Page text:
Chris_Rands Chris_Rands - 1 month ago 9
Bash Question

Why is grep so slow and memory intensive with -w (--word-regexp) flag?

I have a list of ids in a file and a data file (of ~3.2Gb in size), and I want to extract the lines in the data file that contain the id and also the next line. I did the following:

grep -A1 -Ff file.ids file.data | grep -v "^-" > output.data


This worked, but also extracted unwanted substrings, for example if the id is
EA4
it also pulled out the lines with
EA40
.

So I tried using the same command but adding the
-w
(
--word-regexp
) flag to the first
grep
to match whole words. However, I found my command now ran for >1 hour (rather than ~26 seconds) and also started using 10s of gigabytes of memory, so I had to kill the job.

Why did adding
-w
make the command so slow and memory grabbing? How can I efficiently run this command to get my desired output? Thank you

file.ids
looks likes this:

>EA4
>EA9


file.data
looks like this:

>EA4 text
data
>E40 blah
more_data
>EA9 text_again
data_here


output.data
would look like this:

>EA4 text
data
>EA9 text_again
data_here

Answer

grep -F string file is simply looking for occurrences of string in the file but grep -w -F string file has to check each character before and after string too to see if they are word characters or not. That's a lot of extra work and one possible implementation of it would be to first separate lines into every possible non-word-character-delimited string with overlaps of course so that could take up a lot of memory but idk if that's what's causing your memory usage or not.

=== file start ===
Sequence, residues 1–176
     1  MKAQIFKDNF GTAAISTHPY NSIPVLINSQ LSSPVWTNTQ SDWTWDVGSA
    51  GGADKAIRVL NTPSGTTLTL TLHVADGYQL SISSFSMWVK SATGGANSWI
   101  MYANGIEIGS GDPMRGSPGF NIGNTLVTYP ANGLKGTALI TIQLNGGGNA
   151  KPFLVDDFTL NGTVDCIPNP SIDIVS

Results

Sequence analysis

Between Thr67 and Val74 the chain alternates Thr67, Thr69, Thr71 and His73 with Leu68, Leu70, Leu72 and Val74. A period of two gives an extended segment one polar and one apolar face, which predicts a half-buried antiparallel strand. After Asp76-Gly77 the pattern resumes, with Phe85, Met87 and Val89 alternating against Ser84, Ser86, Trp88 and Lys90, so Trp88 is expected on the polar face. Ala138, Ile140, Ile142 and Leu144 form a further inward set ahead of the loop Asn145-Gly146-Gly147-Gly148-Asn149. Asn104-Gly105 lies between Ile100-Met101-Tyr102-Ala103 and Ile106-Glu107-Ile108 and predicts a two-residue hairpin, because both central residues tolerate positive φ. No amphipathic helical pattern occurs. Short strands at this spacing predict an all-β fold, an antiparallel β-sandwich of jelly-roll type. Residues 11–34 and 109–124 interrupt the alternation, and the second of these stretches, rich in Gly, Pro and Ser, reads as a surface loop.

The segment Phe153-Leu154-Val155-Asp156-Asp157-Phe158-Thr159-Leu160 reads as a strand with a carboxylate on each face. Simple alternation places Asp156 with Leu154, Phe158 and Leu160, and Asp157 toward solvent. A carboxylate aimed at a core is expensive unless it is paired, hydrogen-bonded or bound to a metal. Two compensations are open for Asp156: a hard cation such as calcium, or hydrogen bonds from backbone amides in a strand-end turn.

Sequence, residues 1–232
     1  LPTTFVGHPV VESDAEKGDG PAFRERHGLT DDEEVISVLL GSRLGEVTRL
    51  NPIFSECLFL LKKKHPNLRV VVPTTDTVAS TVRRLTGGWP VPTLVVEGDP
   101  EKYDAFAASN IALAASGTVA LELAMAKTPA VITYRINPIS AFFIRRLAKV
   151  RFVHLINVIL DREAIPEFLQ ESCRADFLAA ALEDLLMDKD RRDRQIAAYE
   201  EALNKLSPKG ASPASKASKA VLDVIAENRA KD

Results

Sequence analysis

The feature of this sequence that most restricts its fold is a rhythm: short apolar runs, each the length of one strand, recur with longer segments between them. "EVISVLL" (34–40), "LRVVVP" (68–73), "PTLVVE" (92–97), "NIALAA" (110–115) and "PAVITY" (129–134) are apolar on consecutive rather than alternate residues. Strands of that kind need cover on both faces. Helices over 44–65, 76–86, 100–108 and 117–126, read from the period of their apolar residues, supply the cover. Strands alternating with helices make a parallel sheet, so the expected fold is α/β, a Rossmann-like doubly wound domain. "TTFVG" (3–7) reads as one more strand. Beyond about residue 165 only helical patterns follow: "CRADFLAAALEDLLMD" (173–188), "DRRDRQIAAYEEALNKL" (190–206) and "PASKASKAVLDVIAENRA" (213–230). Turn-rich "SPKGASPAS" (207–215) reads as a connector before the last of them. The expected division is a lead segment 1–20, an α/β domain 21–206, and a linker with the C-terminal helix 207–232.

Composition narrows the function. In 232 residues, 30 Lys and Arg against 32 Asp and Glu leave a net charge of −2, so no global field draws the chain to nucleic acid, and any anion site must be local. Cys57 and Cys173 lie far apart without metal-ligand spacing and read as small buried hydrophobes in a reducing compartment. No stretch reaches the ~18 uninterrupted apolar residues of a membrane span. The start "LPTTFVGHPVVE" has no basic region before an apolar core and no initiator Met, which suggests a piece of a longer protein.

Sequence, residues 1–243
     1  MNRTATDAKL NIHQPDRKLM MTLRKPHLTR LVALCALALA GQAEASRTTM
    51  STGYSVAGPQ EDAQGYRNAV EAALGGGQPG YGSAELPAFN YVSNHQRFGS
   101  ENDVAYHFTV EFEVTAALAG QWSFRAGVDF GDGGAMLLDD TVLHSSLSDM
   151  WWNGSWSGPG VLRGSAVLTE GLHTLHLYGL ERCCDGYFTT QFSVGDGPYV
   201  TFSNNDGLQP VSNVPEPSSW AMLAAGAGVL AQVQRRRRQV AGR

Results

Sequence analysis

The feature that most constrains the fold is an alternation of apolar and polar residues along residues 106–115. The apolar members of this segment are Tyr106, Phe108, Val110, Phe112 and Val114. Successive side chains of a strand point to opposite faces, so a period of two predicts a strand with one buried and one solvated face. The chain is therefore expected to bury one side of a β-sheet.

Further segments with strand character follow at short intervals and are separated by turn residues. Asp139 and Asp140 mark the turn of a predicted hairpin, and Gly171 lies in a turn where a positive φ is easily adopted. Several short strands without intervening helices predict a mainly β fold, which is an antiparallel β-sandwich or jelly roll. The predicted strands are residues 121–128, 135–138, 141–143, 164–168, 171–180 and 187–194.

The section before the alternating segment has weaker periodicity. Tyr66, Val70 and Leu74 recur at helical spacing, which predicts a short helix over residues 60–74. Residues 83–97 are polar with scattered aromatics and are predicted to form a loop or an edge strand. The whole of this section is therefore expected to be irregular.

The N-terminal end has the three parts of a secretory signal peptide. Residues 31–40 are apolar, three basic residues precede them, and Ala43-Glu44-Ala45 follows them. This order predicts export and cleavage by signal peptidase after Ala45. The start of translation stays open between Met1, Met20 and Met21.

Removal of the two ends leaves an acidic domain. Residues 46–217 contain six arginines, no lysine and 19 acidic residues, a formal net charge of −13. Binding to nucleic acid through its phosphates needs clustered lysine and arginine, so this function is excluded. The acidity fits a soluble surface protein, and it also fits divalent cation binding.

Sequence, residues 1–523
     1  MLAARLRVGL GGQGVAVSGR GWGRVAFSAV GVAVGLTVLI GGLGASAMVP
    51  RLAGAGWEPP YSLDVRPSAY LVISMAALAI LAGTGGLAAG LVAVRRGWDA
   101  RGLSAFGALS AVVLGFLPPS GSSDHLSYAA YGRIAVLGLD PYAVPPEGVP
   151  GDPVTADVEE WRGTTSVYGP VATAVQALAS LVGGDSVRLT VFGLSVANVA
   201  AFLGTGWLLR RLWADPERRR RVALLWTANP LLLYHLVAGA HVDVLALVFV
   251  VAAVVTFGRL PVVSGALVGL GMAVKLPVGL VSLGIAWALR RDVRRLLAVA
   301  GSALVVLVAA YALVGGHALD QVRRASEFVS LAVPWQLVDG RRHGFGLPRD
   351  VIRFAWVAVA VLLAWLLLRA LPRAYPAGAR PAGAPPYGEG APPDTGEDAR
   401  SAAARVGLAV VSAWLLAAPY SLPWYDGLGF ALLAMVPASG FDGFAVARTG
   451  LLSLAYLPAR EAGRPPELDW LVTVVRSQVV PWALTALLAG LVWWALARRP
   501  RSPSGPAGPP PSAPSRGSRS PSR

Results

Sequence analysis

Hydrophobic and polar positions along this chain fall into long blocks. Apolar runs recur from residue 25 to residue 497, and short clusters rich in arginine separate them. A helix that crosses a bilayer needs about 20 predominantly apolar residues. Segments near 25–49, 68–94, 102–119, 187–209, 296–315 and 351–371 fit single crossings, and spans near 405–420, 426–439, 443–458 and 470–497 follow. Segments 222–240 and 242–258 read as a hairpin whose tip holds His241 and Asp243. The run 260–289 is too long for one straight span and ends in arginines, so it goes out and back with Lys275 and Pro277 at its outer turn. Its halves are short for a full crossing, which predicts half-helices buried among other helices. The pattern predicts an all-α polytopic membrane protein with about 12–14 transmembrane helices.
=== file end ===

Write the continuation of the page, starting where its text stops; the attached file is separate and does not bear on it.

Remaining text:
In any case, grep is simply the wrong tool for this job since you only want to match against a specific field in the input file, you should be using awk instead:

$ awk 'NR==FNR{ids[$0];next} /^>/{f=($1 in ids)} f' file.ids file.data
>EA4 text
data
>EA9 text_again
data_here

The above assumes your "data" lines cannot start with >. If they can then tell us how to identify data lines vs id lines.

Note that the above will work no matter how many data lines you have between id lines, even if there's 0 or 100:

$ cat file.data
>EA4 text
>E40 blah
more_data
>EA9 text_again
data 1
data 2
data 3

$ awk 'NR==FNR{ids[$0];next} /^>/{f=($1 in ids)} f' file.ids file.data
>EA4 text
>EA9 text_again
data 1
data 2
data 3

Also, you don't need to pipe the output to grep -v:

grep -A1 -Ff file.ids file.data | grep -v "^-" > output.data

just do it all in the one script:

awk 'NR==FNR{ids[$0];next} /^>/{f=($1 in ids)} f && !/^-/' file.ids file.data